Rain or shine, Pumpkin Train will ride Saturday
By JANE UTECHT, Staff Reporter
The weather forecast is not the best for Saturday's fourth annual Pumpkin Train at Prairie Village. However, the forecast for fun is great, with a decided amount of the credit going to one volunteer.
Dar Algra, a Prairie Village gardening volunteer, shows off some of the fruits of his summer's labor at the Prairie Village pumpkin patch.
Dar Algra is a Prairie Village volunteer with a green thumb. He takes care of the flowers at the village, and for the last two years he has tended the pumpkin patch on the east side of the attraction.
As a rule, Algra plants two varieties of pumpkins, those that are of a certain size for kids, a "toteable" size, he calls them. This year, he added a few specialty pumpkins for variety.
"That's the gardener in me...always gotta try the new thing," he said.
Although most children are looking for the traditional pumpkin, there's about 10 percent or so who want "something different," he said.
This year children can choose from a few white pumpkins, some with bumpy skin (what Algra calls "warty" pumpkins), a couple that are striped, some that are yellow and a French variety that is a deep, bright orange, almost red, in a flat, squat shape.
This year, there are also a few green pumpkins, the result of a late planting time. Algra planted the seeds in the 75x150-foot spot in June, but he checked a few days later and found that gophers had eaten a lot of the seeds. He started another batch in pots around June 21. He got the first of the 250 plants into the ground on July 1. By the Threshing Jamboree in late August, they were just starting to get blossoms and little pumpkins. After that, the pumpkins did well, "considering as late as it was," he said. "It doesn't take long to produce a pumpkin."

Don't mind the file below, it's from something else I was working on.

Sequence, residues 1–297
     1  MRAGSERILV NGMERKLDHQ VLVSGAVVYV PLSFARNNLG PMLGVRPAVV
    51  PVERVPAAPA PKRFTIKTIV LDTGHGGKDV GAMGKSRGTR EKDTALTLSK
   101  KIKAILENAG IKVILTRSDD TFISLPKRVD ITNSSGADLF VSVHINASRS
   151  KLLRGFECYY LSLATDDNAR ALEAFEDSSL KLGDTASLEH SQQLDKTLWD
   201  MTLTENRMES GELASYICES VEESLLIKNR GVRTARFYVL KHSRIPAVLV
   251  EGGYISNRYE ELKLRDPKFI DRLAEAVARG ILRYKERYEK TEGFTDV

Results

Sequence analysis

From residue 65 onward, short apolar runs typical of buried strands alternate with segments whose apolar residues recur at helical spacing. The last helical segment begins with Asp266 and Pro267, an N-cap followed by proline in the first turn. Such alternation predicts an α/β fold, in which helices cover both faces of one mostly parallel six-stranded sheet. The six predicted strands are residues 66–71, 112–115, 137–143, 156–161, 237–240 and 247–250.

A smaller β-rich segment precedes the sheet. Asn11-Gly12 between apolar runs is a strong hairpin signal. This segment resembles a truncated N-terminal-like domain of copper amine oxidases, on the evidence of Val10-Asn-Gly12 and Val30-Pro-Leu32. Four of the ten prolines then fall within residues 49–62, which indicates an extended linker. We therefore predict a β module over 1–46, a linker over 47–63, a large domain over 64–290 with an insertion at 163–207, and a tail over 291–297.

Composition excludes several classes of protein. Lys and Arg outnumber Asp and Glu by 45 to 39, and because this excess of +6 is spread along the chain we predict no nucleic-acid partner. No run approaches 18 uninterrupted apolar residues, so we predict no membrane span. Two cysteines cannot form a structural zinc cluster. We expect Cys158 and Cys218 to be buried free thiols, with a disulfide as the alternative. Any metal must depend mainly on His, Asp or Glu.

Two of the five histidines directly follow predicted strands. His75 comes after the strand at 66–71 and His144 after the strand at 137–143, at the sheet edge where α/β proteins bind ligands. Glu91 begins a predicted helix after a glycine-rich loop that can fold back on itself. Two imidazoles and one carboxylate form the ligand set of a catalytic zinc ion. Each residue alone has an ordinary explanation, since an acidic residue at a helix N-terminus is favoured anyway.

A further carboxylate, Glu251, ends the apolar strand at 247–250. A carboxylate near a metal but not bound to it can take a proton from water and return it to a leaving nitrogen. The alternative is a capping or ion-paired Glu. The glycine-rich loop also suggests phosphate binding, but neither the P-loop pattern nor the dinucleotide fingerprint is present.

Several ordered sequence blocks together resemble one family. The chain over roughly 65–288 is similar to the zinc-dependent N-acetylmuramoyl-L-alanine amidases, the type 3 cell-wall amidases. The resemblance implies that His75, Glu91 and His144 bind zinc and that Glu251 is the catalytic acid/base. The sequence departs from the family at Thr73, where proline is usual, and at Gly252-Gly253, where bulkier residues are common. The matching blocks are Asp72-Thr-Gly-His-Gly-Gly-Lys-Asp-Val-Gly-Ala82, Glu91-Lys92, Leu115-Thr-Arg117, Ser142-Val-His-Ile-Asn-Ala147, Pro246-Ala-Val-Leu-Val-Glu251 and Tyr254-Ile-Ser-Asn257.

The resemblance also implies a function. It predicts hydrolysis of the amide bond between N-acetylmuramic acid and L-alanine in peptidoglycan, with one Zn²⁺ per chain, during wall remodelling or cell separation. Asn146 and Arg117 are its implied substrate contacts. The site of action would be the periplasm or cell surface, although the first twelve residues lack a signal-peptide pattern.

He said the soil at the pumpkin patch is perfect for vine crops, a sandy/clay variety.
Some pumpkins have grown large, some are still small. Often children who've been on the Pumpkin Train before nab those.
"They know how heavy they are," Algra said.
Any child under age 12 can come to the village to pick whatever size or color pumpkin they want from 11 a.m. to 4 p.m. Saturday. The cost is $5 per child (adults and teens are free) with proceeds going to the Chapel Car at the village.
All ages can enjoy the train ride, as well as games, cider and donuts. There will also be gourds and little pumpkins for sale, all grown at Prairie Village.
"We've had a ball" growing the pumpkins, Algra said.